For younger individuals in particular, the opportunity cost of working likely rose because of tuition subsides which reduced the cost of post-secondary education. Students also get access to credit through student loans, which is especially attractive to usually-borrowing-constrained individuals.
For individuals in general, increases in the generosity of unemployment benefits raises the opportunity cost of work and the individual's reservation wage. Individuals will likely engage in more home production and leisure instead of market production as a result. This is likely a bigger issue in two adult households where it may make sense for one individual to work in the market while the other engages in home production.
A rise in the opportunity cost of work also seems to be consistent with the rise in labor productivity.
Very odd to see Kocherlakota as a fan of NK models. I always figured he was firmly in the... well, Minnesota camp. Did he change when he got the Fed job or was he like this while at Minnesota?ReplyDelete
You would think that joint labor supply decisions in two-adult households would have to be important, and could potentially explain differences between labor market behavior now and in the 1970s, for example. Has anyone worked on this, as it relates to cyclical phenomena?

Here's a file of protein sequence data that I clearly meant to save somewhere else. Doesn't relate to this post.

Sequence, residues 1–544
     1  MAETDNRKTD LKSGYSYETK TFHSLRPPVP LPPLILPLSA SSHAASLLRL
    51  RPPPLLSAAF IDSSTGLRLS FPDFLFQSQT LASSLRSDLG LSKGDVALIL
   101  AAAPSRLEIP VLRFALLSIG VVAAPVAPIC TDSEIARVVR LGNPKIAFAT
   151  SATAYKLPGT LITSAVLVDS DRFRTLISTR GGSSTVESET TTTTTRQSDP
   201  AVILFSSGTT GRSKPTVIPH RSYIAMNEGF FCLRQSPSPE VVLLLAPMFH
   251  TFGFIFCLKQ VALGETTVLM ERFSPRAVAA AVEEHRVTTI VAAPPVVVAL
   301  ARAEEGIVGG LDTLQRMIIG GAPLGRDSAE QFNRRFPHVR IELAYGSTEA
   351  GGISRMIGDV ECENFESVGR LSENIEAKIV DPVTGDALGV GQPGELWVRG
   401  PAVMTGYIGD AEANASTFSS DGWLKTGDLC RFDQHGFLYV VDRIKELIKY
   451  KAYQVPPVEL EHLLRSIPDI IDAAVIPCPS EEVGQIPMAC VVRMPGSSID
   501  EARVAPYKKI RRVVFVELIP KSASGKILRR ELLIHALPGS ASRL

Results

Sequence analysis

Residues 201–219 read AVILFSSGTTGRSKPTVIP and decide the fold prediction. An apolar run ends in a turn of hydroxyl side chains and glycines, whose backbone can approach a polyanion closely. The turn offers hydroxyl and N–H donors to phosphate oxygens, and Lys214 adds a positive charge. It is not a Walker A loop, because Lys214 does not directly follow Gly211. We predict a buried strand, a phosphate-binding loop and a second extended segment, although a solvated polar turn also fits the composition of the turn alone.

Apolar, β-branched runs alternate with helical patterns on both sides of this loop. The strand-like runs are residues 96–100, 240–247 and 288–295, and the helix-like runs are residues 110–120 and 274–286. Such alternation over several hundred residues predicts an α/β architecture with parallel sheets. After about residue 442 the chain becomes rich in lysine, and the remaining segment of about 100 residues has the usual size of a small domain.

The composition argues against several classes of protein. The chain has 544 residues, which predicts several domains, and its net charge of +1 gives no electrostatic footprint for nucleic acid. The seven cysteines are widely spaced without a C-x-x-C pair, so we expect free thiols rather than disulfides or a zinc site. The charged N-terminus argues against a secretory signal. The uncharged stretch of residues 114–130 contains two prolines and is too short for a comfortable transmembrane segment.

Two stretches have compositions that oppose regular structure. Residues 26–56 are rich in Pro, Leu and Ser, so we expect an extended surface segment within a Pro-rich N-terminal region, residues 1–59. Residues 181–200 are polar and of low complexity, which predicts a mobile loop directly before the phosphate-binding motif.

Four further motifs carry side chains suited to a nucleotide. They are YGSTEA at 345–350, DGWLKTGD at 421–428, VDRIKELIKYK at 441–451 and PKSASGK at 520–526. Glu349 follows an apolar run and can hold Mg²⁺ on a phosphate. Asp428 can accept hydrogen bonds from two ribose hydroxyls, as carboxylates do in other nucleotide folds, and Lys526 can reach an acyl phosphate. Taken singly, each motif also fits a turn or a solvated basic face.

He's always been an independent thinker. Minnesota is not monolithic. Also, I think he wants to communicate with people in the Fed system for whom NK is the language. I'm not sure that is the best way to play this game, though.
The labor force has been declining a lot since the beginning of the recession. Especially young people have left the labor force (...and employment). Perhaps because of the increase in the minimum wage? Maybe these young workers are less productive (less knowledgeable) and this are been part of the explanation why productivity has increased?ReplyDelete
Fantastic!!Thank you so much for this post!ReplyDelete
A quick search for papers studying family labor supply over the business cycle yielded "Family labor supply and aggregate fluctuations" by Cho and Rogerson in 1988, which studies the effect of abstracting from the family labor supply decision on the implied labor supply elasticity. Other than that, there are some papers on optimal taxation of two-earner households. I doubt this is what you have in mind.ReplyDelete